Remember the Rainforest 1
Like almost everywhere, when one of these judges, without ecclesiastical oversight or other authorities, ruled the poor Indians, with oppression, intrigue and misery, the majority of settlers returned to their forests. Those three tribes lived in three rows of huts, built at the expense of the government, with wooden poles, plywood walls, and roofs of palm leaves.
At present there were only a few families of Juris and Coreteus, and even these, on the news of our arrival, hid or took refuge in the houses of the neighbors who lived on the farms, far from the village. Forced labor to which these poor people were subjected on the pretext of public service, and exclusively for the benefit of the judge, made the Indians afraid of the arrival of any white man; and only my friend Zani, their friend, could convince them that they were deceived,
and then they came to us and begged me to expose to the government their state of helplessness, imposed by the judge. Against him, a complaint had already been made, because he had not paid a tax, and by his behavior of libidinous cruelty to his subordinates, it was eight days before he had returned to Ega to justify himself before the commander. We found, therefore, only a mulatto from Sao Paulo, here domiciled, who speaks Portuguese (among all Brazilians, the Paulistas are the ones who spread far and wide throughout the kingdom). Also intermittent fever has contributed to the abandonment of this place. This mulatto was excellently chosen to establish communication between the Brazilians and the innumerable tribes of the rich forests of Japura with mutual benefit for all. The fertility here was almost incredible.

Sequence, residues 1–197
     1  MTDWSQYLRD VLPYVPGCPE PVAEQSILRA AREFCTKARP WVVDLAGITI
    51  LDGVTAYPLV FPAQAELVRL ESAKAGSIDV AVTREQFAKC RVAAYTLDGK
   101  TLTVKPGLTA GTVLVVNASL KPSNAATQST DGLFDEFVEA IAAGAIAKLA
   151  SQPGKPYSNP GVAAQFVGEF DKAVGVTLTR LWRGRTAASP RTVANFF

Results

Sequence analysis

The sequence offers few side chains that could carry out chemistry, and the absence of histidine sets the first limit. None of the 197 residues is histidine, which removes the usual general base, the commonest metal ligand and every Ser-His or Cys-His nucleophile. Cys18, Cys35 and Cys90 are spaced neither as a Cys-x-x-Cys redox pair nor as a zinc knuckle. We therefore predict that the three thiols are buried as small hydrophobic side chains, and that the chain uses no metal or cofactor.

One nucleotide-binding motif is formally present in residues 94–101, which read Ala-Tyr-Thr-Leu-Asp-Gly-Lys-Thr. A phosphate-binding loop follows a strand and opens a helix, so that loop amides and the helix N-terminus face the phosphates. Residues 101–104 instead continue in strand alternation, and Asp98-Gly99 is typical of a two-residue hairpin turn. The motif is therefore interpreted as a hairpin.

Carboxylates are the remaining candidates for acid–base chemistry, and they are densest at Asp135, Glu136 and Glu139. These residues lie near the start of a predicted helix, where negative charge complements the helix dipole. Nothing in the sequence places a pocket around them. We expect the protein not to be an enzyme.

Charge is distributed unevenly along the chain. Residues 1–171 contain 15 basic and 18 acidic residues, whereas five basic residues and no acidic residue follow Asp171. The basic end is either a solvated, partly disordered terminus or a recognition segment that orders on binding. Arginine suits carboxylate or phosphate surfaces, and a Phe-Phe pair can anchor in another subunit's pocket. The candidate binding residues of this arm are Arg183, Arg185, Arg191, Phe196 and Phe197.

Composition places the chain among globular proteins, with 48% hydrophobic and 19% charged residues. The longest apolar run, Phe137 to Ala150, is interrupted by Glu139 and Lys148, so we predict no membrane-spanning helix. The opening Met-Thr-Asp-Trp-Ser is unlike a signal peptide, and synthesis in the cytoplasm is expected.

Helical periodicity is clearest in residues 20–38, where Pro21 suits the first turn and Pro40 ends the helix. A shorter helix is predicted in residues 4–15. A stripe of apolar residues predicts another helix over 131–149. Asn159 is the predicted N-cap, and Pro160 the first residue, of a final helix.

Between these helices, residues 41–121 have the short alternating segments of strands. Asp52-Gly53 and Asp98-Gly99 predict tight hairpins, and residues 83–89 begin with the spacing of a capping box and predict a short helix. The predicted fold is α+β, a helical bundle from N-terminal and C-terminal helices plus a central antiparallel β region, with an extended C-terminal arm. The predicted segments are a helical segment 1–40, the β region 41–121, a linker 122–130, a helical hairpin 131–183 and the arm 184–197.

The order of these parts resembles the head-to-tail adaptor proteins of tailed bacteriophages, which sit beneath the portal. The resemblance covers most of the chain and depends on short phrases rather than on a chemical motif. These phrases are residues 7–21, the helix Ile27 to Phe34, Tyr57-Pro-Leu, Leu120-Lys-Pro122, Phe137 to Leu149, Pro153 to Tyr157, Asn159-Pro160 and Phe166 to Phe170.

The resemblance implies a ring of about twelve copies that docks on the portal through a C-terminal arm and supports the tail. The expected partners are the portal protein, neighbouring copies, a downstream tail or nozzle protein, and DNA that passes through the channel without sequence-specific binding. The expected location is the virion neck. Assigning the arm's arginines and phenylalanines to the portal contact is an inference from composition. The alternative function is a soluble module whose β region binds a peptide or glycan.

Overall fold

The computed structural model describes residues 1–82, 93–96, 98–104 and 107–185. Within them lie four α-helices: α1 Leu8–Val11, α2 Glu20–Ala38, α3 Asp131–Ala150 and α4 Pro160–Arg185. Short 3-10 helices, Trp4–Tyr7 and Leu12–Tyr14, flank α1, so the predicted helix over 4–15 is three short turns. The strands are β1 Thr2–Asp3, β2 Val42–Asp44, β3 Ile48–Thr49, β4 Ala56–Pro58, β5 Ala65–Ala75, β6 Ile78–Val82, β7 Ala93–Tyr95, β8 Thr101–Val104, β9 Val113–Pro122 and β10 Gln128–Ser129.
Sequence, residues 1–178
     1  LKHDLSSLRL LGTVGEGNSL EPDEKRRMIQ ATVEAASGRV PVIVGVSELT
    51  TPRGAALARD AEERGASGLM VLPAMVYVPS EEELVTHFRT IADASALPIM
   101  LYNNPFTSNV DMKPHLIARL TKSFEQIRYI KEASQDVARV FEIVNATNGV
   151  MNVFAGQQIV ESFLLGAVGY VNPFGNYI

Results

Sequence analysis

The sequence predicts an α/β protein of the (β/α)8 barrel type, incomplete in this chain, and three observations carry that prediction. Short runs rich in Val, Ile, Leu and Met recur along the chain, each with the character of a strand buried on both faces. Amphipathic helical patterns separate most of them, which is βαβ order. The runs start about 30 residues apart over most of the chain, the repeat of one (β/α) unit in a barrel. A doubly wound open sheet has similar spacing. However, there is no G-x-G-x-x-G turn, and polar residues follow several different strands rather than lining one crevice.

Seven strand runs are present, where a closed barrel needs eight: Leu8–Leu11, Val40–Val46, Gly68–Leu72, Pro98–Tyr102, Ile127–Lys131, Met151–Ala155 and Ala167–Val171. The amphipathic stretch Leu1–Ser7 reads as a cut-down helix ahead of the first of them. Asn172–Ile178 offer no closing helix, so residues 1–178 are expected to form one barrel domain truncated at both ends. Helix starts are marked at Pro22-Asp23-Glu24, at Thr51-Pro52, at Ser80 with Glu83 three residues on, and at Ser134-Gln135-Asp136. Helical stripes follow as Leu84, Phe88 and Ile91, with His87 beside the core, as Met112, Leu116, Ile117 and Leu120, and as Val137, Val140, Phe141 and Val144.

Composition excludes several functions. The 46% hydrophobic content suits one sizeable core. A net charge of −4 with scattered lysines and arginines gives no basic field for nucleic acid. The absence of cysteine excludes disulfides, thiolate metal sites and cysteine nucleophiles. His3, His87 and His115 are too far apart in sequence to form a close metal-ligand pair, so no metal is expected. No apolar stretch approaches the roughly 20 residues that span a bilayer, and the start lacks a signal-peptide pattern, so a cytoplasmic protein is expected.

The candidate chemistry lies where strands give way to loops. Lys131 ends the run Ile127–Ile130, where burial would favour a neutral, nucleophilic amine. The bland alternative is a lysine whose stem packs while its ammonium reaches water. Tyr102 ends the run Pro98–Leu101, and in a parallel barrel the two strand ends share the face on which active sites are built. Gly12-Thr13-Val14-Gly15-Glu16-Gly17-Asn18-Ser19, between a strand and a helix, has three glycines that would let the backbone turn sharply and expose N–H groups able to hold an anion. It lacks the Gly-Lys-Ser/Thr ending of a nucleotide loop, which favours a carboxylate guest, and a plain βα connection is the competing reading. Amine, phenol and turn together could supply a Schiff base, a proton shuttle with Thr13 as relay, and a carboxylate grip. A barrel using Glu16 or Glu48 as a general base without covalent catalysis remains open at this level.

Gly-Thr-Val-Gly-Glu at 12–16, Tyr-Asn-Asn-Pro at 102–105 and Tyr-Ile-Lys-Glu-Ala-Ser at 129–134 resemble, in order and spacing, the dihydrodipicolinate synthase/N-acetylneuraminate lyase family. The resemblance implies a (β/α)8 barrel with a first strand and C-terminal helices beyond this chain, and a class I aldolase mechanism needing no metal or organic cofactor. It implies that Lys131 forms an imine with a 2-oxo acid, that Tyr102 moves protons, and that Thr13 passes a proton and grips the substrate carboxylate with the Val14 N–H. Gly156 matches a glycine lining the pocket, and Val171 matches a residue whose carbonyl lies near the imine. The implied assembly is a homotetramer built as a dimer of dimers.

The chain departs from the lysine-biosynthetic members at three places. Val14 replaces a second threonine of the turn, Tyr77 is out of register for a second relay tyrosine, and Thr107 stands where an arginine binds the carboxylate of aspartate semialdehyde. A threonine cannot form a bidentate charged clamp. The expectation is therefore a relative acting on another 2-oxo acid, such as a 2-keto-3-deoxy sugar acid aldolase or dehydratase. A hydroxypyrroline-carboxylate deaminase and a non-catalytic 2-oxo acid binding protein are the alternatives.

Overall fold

We saw cassava roots weighing 30 pounds, and 100-pound bunches of bananas.
The Juris, whom we found there were civilized and seemed good-natured, as they brought us large pots with all sorts of drinks, made by the women; such products, as well as all the others of the domestic economy, completed the women's work. There were drinks made with cassava and apples and with various fruits, and some of them with a pleasant flavor (1).
(l) In the first volume we mentioned the drink prepared with corn, in common use, not only in all of Brazil, but also in Spanish America, where almost everywhere is called chicha. Other such drinks, known from the primitive Indians of Brazil, are in particular of three species, called in Tupi caxiri, cauhy or cauim and pajuaru. The juice, obtained from any of the fruits of the forest, they call caxiri (cajiri). And it is especially abundantly extracted from the fruits of the
Especially appreciated by the Indians of Japura is the decoction of the fruits of the first palm trees mentioned above, one of which has the color and flavor not very diverse from the chocolate, and is so nutritious, that, wasting no time, the Indians gorged themselves. At banquets, that drink is served, still lukewarm from the boil. Cauim and the juice of fruit infusions, or cooking of fruits, potatoes or cassava sweet (macaxera), then undergo a slight fermentation. These wines, they know how to prepare with all the fruits rich in saccharin and mucilage, and their qualities are preserved for a few days when they are stored in cool places. Other harder products, such as Turkish corn, chicha, or sweet cassava roots and potatoes, are twice brushed and fermented with the spit. After the wine turns to vinegar, it is called "sour wine" (to the Portuguese wine is given in the Tupi language, the name caui-Piranga or caui-cobaigoara, this "red wine" or "vinho of the kingdom. ") Finally, the pajuaru itself, made from cassava flour, or from the grated cassava itself,